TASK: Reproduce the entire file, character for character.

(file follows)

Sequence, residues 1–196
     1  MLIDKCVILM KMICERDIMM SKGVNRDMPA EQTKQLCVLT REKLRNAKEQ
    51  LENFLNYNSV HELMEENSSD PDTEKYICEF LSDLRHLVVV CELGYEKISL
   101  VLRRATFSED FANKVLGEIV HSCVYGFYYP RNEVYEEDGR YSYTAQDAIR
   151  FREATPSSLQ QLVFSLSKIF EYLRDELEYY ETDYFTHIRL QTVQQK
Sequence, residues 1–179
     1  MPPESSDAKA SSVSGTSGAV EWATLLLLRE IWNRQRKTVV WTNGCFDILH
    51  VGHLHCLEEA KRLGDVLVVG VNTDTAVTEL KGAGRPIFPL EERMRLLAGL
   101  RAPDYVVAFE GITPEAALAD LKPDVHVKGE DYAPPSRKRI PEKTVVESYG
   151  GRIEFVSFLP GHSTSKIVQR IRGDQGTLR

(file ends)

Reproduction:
Sequence, residues 1–196
     1  MLIDKCVILM KMICERDIMM SKGVNRDMPA EQTKQLCVLT REKLRNAKEQ
    51  LENFLNYNSV HELMEENSSD PDTEKYICEF LSDLRHLVVV CELGYEKISL
   101  VLRRATFSED FANKVLGEIV HSCVYGFYYP RNEVYEEDGR YSYTAQDAIR
   151  FREATPSSLQ QLVFSLSKIF EYLRDELEYY ETDYFTHIRL QTVQQK
Sequence, residues 1–179
     1  MPPESSDAKA SSVSGTSGAV EWATLLLLRE IWNRQRKTVV WTNGCFDILH
    51  VGHLHCLEEA KRLGDVLVVG VNTDTAVTEL KGAGRPIFPL EERMRLLAGL
   101  RAPDYVVAFE GITPEAALAD LKPDVHVKGE DYAPPSRKRI PEKTVVESYG
   151  GRIEFVSFLP GHSTSKIVQR IRGDQGTLR